The changing role of electricity interconnectors

The changing role of electricity interconnectors

Interconnectors typically connect two distinct electricity markets and, assuming efficient operation, will generally flow based on price differentials between these markets thereby generating arbitrage revenues for the owner.

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The principal value of interconnectors is derived from their ability to exploit these price arbitrage opportunities between markets across macro (annual, quarterly, seasonal or monthly) and micro-timescales (day-ahead, intra-day). In economic terms, interconnectors can be thought of as an option to trade between two markets allowing owners to capture extrinsic and intrinsic value.

Australian energy market

The Australian energy market is in a period of significant and unprecedented transition. Over the next decade a diverse set of policy, consumer choice and market factors will cause significant increases in renewable energy deployment. The Australian Government has committed to reducing greenhouse gas emissions to 26-28 per cent below 2005 levels, by 2030.

This deployment, when combined with ageing fossil fuel generation infrastructure, will necessitate policy makers to focus on the operation of the network infrastructure, energy stability and certainty of supply.

Interconnectors and Australia's energy future

Interconnectors will play an increasing role in Australia’s energy future.

From a socio-economic perspective, the value of interconnectors is derived from their ability to both lower the cost of meeting demand, and to achieve policy objectives, such as improving security of supply and facilitating more efficient renewable energy integration, for example. In addition, value from some interconnectors can be derived from their ability to provide capacity contribution in one or both markets to which they connect, and from their ability to provide balancing and ancillary services to system operators.

The significance of each source of value will differ between markets and may also alter over time, subject to the deployment of renewable technology and smart grid development.

From a socio-economic perspective, the value of interconnectors is derived from their ability to both lower the cost of meeting demand, and to achieve policy objectives, such as improving security of supply and facilitating more efficient renewable energy integration, for example. In addition, value from some interconnectors can be derived from their ability to provide capacity contribution in one or both markets to which they connect, and from their ability to provide balancing and ancillary services to system operators.

The significance of each source of value will differ between markets and may also alter over time, subject to the deployment of renewable technology and smart grid development.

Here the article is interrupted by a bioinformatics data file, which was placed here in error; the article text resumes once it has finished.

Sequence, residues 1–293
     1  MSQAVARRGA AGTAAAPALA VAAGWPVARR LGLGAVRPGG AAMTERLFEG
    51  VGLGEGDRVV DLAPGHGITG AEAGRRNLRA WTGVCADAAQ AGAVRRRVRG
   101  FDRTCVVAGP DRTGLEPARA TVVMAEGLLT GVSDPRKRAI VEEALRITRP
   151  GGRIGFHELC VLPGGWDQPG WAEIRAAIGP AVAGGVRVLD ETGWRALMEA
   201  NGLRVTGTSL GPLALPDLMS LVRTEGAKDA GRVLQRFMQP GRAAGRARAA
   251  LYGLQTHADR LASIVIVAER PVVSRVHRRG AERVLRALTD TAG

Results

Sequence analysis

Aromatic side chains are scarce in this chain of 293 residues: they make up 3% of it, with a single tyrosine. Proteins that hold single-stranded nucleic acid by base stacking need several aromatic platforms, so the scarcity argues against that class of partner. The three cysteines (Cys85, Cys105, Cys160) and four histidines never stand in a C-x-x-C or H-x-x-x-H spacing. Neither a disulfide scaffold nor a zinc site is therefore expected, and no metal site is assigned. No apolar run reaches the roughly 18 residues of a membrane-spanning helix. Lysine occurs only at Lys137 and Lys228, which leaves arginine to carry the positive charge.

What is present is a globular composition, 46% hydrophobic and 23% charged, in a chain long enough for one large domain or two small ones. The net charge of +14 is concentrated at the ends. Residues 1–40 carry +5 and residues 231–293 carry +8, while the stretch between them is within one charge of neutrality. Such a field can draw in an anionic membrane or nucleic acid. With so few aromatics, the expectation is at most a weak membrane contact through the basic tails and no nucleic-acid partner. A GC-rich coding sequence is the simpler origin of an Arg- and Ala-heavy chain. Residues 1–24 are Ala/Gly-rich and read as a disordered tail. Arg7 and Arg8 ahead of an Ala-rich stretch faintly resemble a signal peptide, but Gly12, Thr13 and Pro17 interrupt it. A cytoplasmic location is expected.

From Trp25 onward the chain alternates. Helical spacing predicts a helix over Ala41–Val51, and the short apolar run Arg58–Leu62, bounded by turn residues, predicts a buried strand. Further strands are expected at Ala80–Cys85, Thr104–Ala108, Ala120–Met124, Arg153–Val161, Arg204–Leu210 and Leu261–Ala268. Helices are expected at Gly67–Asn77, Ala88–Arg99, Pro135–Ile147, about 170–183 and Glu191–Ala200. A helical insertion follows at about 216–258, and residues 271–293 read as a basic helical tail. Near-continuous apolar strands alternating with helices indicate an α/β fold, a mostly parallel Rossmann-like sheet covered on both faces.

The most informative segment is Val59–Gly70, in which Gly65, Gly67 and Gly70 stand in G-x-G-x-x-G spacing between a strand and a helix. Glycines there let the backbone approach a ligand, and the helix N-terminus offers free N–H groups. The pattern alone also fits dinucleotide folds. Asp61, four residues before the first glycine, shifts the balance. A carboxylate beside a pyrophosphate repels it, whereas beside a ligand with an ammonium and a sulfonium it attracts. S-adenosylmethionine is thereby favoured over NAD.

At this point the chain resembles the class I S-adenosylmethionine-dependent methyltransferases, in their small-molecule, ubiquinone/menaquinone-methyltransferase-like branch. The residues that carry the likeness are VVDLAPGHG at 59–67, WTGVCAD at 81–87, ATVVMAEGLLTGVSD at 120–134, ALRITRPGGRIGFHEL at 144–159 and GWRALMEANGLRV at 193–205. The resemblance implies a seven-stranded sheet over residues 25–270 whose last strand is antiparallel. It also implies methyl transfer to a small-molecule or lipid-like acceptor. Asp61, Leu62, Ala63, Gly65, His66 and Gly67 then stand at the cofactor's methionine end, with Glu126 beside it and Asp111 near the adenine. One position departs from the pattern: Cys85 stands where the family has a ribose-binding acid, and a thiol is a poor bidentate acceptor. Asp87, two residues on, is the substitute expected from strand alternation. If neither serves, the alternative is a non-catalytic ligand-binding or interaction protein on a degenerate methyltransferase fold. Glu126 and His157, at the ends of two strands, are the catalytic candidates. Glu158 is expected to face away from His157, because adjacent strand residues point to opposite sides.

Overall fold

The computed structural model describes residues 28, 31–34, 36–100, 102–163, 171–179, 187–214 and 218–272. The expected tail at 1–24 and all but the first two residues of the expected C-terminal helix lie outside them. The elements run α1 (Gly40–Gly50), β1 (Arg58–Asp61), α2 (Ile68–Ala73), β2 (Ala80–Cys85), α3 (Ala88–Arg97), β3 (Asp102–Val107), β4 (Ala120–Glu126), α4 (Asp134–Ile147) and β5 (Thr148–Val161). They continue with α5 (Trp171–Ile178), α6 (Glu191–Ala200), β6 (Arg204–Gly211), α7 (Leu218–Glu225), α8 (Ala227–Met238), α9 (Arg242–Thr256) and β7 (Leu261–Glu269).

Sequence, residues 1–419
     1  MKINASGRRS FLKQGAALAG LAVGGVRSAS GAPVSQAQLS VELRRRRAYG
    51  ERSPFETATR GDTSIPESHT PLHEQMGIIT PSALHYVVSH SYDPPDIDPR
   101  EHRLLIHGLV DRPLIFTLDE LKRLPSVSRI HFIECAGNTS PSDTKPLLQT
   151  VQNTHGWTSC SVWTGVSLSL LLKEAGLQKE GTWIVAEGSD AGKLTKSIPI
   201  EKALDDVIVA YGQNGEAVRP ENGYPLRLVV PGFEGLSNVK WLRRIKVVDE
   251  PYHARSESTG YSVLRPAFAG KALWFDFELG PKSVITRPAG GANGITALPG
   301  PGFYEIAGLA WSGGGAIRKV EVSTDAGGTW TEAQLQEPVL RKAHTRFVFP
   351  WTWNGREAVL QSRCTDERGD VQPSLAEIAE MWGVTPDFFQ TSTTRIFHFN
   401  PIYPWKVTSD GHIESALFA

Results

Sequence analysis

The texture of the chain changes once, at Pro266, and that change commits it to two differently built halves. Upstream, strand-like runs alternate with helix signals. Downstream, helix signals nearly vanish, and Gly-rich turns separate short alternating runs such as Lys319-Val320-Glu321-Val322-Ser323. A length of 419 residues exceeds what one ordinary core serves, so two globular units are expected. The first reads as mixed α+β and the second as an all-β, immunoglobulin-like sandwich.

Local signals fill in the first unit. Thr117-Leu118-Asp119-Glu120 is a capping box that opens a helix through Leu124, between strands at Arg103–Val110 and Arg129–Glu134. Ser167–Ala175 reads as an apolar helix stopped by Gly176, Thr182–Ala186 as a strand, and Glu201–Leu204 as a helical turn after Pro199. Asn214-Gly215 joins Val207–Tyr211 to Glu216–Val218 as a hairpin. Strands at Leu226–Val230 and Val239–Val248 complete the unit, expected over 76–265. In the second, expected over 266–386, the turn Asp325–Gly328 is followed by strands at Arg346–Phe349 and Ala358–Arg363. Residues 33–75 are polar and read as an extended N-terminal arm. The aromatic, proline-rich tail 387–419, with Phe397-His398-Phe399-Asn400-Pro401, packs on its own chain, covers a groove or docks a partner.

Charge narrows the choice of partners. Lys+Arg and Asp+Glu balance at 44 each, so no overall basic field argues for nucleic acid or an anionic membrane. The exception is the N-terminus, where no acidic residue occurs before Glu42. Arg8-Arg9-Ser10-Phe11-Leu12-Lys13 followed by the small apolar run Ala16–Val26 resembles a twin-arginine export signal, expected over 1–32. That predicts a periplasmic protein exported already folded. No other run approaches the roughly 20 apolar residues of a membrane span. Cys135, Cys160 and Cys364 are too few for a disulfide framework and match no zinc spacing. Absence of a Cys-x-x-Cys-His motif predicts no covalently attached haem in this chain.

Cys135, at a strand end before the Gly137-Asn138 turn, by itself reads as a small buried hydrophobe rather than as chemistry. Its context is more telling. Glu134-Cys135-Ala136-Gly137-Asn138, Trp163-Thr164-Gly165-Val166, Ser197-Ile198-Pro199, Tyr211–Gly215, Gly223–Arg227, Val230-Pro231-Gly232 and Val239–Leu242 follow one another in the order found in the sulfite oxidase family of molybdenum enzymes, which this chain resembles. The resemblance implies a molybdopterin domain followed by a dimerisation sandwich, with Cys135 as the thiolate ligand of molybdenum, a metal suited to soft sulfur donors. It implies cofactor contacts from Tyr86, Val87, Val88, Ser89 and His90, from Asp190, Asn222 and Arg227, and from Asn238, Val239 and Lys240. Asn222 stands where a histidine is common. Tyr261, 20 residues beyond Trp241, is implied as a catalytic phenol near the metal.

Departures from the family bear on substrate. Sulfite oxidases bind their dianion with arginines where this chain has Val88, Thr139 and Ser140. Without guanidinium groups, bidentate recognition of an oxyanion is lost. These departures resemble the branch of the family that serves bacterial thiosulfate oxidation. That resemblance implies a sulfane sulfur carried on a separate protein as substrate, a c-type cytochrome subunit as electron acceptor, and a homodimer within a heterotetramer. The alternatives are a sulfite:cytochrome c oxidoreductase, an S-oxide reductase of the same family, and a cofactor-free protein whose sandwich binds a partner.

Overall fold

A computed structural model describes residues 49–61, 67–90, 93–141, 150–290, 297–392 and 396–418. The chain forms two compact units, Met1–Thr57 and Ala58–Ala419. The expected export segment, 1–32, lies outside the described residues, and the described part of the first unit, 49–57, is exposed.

Factors causing change in interconnectors

The factors causing a change in the role of interconnectors in Australia are expected to be:

  • Concern over energy security – Uncertainty about future generation investment and increased local intermittency could heighten energy security concerns. Interconnection can be used to mitigate energy security risks. 
  • Potential for greater price differentials – Price differentials between States within the National Electricity Market (NEM) are material. Changes in the generation mix will create greater potential for price differential between States, and therefore greater benefits from inter-regional flows. This is reinforced by the existing oversupply in the NEM, uncertainty around retirement of fossil fuel generation, deployment of renewable energy to meet the Renewable Energy Target (RET) and various rebate and energy efficiency schemes. 
  • Geographic separation of renewable energy supply and energy demand – Interconnection could be needed to maximise the value of renewable potential in some jurisdictions with low energy demand and a compelling energy resource, for example Tasmania. 
  • Greater price volatility – Increasing the share of renewable energy in the generation mix will lead to greater short-term wholesale price volatility. Greater volatility in wholesale prices increases the benefits from interconnection. 
  • Increased demand for ancillary services – The value of ancillary services (i.e. services to mitigate imbalances) will increase due to increased intermittency of generation. Interconnectors can play a key role in delivering system security across the national grid.

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